As discussed in Unit 1, one of the most useful ways to gather information on how these designs perform is through prototyping. Build prototypes of each design alternative and test their performance. Good designers will use the lessons learned from these prototype tests as they fill out the WOT.
Step 6 – Score the Design Alternatives
In this step, the designer or design team needs to score the different design alternatives on how well they meet the comparison criteria. In the below example, each alternative is rated on a scale of 1 to 10 (1 being the worst score, 10 being the best score). It sometimes works best to score all three alternatives at once, based on a single criterion so the designer can compare the differences between them.
The example above highlights one such set of scored alternatives. In this case, the design team feels that the Roller Claw and Pinching Claw are similarly neutral complexity, while the scoop is very simple and gets a high score when compared based on complexity. Though this is only a hypothetical example, it is still possible to understand these scores; the roller & pinching claws would have more moving parts than the scoop itself. The alternatives could be ranked based on the other criteria in a similar manner:
Step 7 – Calculate the Weighted Scores
Once the scores and weights have been determined it is a simple matter to calculate the weighted scores. Each weighted score consists of the alternative’s score multiplied by that comparison criteria’s weight. For example the Roller Claw received a score of 5 for Complexity, and Complexity has a weight of 5; this means the Roller Claw has a weighted score of 5 x 5 = 25, as seen below:
The other weighted scores are calculated in a similar manner:
Step 8 – Find the Total Weighted Score
This is the last step: it is now a simple manner of summing the weighted scores to find the total weighted score for each design alternative. In the below example, the roller claw is shown to be the winning design.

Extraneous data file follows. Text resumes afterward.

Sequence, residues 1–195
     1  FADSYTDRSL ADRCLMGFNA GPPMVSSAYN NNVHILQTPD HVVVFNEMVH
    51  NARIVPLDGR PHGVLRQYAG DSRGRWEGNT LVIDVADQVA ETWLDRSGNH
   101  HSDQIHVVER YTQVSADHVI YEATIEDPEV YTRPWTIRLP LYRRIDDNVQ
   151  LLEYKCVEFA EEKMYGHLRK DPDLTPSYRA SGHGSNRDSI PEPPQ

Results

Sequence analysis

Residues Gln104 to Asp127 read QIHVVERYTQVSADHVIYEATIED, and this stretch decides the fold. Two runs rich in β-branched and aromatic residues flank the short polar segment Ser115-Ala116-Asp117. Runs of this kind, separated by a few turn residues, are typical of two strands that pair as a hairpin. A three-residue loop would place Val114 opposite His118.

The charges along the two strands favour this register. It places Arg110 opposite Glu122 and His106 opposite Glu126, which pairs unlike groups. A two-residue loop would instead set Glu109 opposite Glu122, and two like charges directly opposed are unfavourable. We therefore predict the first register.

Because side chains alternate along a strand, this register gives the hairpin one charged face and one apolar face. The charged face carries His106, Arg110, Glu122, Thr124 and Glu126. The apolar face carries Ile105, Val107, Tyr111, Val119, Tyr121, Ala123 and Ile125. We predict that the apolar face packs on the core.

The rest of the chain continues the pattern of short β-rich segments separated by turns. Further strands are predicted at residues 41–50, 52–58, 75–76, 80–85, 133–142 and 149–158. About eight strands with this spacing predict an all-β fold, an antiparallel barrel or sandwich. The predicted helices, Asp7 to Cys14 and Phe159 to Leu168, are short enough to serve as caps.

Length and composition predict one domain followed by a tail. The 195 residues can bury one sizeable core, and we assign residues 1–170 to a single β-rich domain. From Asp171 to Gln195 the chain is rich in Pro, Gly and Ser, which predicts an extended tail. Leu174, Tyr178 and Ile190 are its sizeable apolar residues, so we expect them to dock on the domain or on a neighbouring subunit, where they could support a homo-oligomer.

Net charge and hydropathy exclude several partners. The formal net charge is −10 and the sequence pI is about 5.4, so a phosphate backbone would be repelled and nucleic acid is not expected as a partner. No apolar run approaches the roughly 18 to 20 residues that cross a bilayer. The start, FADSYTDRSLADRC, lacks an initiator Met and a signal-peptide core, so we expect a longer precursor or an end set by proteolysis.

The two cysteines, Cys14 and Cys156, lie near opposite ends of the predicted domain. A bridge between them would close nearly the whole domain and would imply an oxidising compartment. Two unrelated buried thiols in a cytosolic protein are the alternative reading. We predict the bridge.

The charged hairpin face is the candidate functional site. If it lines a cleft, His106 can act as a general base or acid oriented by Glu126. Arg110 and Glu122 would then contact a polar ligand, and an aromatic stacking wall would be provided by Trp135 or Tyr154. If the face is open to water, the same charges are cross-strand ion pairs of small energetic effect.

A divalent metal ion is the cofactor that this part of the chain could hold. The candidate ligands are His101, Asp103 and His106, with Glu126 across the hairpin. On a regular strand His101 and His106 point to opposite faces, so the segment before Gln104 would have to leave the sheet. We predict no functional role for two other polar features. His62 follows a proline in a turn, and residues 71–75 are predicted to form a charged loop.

Analyzing the Results
Often the total weighted scores do not match the designer’s preconceptions of which design is “best”. This is good! A WOT allows for real comparison of the options without the designer’s bias towards a single design. That is part of the “magic” of using a WOT to help with design decisions. The fact that each comparison criteria is pre-weighted allows for a more unbiased analysis of how well each design alternative fulfills what is most important to the designer. The results rarely lie (except when the weights or scores themselves are “fudged” by designers who are biased early in the process).
Finding Authentic Results
If a designer has a strong preconceived notion about which alternative “should” win they can rig the process by tweaking some of the weights or scores. In order to make this an effective design tool it is important for all design team members to remain as impartial as possible, and follow the process correctly without any pre-planning.
One major way to prevent this from happening is by utilizing quantitative criteria whenever possible. Quantitative criteria are those which can be measured and directly compared. For instance, if the design team created a prototype for each of the concepts, they could directly compare what amount of force is required to remove a ball from the gripper. This would provide a quantitative measurement of grip strength, and would make ranking each concept easy!
Variations in WOTs
The steps outlined above are only one way to utilize a WOT in a design process. A WOT can be implemented in many different ways; there is no wrong or right way to use one. In particular, the scoring numbers can be tweaked in a variety of ways.
The weights in the example above utilized an open scale with a max total of 50 while the scores were based on a range of 1-10; these values could be done completely differently. (For example, each Weight could be based on a scale of 1-10 and each score based on a scale of 1-3.) Every designer needs to modify the WOT process to make it work for them.